So far, over 3,500 men and women from different ages and backgrounds have volunteered in the campaign, which has been crucial to the organisers efforts to reach all families in the province.

 

These malaria heroes have overcome many hurdles including inaccessibility due to lack of roads. They have walked on foot with bundles of nets on their heads and backs where their vehicles could no longer go. They took boats and canoes to reach remote villages on the islands of Lake Niassa. They have used motorcycles, tractors and all possible means to carry out their work, including crossing dangerous areas, such as Niassa Reserve, which is inhabited by many wild animals.

Community volunteers are essential to the success of many health campaigns. See our #MalariaHeroes webpage and support community health volunteers around the world.

The campaign is part of a national initiative led by the Ministry of Health with the support of the Malaria Prevention and Control Project, a project funded by the Global Fund to Fight AIDS, Tuberculosis and Malaria, and implemented by World Vision as the main partner,  Food for the Hungry, Community Development Foundation and Malaria Consortium.

Strengthening partnerships at the Institutionalising Community Health Conference

karin
Malaria Consortium Senior Research Advisor Karin Kallander

In March, Malaria Consortium participated in the Institutionalising Community Health Conference (ICHC) in Johannesburg, South Africa. The conference was held to build partnerships and support country-led initiatives to strengthen health systems and community partnerships so that future generations not only survive, but thrive. It also focused on the development of country-specific action plans to address priority issues and challenges.

The global agenda for community health is moving beyond child survival to include the thriving of children so that they can contribute to transformation in their own communities. WHO is in the process of developing guidelines to assist national governments and national and international partners to improve the design, implementation, performance and evaluation of community health worker (CHW) programmes.

Throughout the conference, countries presented their own experiences and lessons learnt on different aspects of implementing community health programmes. Main themes included community engagement, supervision systems, financing of community health programmes, partnerships and engagement with private sector, equity and accountability, and research and innovation including community health information systems.

Malaria Consortium’s Senior Research Advisor, Dr Karin Kallander, contributed to the programme with a presentation on the upSCALE project which uses mobile phone technology (mHealth) to support CHWs in Mozambique. Our Nigeria Country Technical Coordinator, Dr Olusola Oresanya, also presented a poster on the seasonal malaria chemoprevention pilot project in Nigeria.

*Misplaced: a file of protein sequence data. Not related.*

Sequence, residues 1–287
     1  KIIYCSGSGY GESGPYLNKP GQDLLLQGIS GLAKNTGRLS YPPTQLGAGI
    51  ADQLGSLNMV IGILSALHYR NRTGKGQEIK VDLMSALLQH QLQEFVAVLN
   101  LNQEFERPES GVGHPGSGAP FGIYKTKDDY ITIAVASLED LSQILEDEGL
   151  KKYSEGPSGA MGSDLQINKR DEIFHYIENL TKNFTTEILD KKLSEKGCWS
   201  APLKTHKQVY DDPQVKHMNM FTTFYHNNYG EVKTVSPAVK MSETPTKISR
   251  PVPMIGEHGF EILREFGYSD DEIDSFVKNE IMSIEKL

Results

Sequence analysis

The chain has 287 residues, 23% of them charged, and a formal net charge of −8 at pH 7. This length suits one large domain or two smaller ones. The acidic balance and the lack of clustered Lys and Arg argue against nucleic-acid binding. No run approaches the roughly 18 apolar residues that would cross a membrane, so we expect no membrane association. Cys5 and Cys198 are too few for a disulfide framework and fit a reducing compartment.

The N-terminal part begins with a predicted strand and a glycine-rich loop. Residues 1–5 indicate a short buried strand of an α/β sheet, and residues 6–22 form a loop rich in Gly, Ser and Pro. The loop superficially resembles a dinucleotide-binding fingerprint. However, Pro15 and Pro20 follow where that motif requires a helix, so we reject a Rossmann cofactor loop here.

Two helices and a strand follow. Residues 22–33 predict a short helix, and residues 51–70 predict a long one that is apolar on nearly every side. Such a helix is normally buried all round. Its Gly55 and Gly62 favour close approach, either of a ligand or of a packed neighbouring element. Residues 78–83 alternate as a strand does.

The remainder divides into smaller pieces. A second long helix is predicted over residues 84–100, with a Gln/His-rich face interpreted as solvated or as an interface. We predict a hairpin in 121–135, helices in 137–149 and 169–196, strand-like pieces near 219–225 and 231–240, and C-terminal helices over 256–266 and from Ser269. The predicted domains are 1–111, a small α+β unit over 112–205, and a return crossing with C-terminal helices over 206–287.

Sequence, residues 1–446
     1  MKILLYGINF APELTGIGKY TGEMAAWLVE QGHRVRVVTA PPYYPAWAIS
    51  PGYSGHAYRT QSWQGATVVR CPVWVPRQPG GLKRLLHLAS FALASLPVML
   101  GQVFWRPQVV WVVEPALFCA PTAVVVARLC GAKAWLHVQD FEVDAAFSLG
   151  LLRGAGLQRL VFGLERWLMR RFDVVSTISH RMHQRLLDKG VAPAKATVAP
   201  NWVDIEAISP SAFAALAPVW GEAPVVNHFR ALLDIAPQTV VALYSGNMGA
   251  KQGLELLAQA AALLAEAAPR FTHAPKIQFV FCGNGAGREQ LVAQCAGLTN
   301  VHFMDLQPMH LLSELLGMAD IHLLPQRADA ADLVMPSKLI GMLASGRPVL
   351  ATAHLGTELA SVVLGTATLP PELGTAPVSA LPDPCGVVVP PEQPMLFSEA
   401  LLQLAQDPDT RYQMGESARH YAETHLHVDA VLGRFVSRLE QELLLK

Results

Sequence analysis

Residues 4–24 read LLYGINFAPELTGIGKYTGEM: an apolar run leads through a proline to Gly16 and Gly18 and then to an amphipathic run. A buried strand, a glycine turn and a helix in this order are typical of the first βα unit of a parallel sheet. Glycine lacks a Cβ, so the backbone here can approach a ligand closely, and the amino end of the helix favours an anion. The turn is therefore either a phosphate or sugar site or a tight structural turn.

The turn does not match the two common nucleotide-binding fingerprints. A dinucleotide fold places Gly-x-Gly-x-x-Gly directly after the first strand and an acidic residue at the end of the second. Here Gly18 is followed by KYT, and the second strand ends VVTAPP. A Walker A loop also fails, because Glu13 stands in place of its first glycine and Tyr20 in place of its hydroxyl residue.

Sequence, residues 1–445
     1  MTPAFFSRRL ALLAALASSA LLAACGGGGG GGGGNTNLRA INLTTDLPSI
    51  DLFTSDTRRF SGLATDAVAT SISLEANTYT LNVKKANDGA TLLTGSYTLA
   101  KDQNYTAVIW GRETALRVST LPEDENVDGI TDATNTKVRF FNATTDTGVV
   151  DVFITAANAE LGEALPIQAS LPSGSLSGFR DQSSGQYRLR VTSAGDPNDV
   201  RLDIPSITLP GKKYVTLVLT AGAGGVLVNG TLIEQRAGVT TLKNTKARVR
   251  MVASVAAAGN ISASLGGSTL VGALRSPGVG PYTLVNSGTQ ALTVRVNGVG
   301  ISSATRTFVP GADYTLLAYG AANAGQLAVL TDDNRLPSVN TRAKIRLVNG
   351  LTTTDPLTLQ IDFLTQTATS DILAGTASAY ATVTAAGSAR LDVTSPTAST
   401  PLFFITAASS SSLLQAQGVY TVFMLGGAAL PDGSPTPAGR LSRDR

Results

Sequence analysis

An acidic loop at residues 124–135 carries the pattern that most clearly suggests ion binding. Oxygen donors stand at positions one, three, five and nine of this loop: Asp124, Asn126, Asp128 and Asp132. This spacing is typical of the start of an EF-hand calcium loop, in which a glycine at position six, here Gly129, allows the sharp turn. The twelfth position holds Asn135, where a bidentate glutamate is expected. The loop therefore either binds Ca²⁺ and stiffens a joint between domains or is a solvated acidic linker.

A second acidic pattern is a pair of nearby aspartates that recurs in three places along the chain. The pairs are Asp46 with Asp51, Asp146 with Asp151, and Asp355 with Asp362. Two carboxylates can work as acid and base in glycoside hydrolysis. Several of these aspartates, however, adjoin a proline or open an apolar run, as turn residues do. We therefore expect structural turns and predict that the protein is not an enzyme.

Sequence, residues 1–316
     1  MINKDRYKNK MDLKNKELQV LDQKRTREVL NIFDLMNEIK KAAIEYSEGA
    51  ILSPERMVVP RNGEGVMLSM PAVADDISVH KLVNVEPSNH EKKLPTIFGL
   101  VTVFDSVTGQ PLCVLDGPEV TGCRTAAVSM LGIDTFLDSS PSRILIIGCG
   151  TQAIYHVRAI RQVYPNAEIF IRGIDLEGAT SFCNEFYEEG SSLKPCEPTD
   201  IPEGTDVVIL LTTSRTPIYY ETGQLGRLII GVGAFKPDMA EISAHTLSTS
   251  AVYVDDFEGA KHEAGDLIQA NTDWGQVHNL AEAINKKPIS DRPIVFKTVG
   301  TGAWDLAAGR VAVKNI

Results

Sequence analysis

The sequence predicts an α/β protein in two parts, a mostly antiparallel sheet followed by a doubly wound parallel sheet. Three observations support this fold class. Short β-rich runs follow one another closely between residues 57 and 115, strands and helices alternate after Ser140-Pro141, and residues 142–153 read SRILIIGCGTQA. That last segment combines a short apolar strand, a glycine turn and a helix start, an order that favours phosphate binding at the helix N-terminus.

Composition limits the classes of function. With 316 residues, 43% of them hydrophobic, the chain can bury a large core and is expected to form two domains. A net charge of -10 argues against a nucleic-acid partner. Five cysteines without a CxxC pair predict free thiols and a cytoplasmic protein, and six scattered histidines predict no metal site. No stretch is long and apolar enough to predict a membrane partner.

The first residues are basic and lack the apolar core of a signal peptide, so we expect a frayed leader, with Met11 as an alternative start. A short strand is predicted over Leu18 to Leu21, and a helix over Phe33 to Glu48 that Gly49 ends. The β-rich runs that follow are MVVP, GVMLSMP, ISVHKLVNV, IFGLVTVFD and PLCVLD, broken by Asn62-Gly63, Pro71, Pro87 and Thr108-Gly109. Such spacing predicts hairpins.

There was a strong focus on community empowerment throughout the conference and Dr Anthony Costello, WHO Director of Department of Maternal, Newborn, Child and Adolescent Health, outlined the four principles of effective community empowerment during a plenary session. These principles are that it should be country led; scientific (impact at scale is attenuated); have the participation of communities; and include district systems for community empowerment for health – leadership action.

It was acknowledged that participation is not the same as empowerment; participation is to do with outcome yet empowerment is to do with process; empowerment has to do with creating opportunity for people to make options and choices and empowerment is not given but taken.

Equity and gender recommendations included integrating a gender analysis of CHW systems to align policies and programmes to empower CHWs. This included supporting recognition, remuneration and training of CHWs, especially females, to achieve greater gender equity within the CHW system and wider society; and identifying alternative pathways to professionalising CHWs.

The Institutionalising Community Health Conference was hosted by USAID and UNICEF in collaboration with USAID’s flagship Maternal and Child Survival Programme, WHO, and the Bill & Melinda Gates Foundation

Communities embrace new health technology

View in: English | Portuguese

moz blog picJosé Petane and Rafael Timóteo Nhone are community health workers from the Cachane community of Inhassoro district, Inhambane province, Mozambique. They provide basic health services to their community of 1,200 people. This includes diagnosing and treating malaria, managing simple cases of pneumonia and diarrhoea, following up with patients seeking care for reproductive health, HIV/AIDS and tuberculosis, and educating the community about health practices.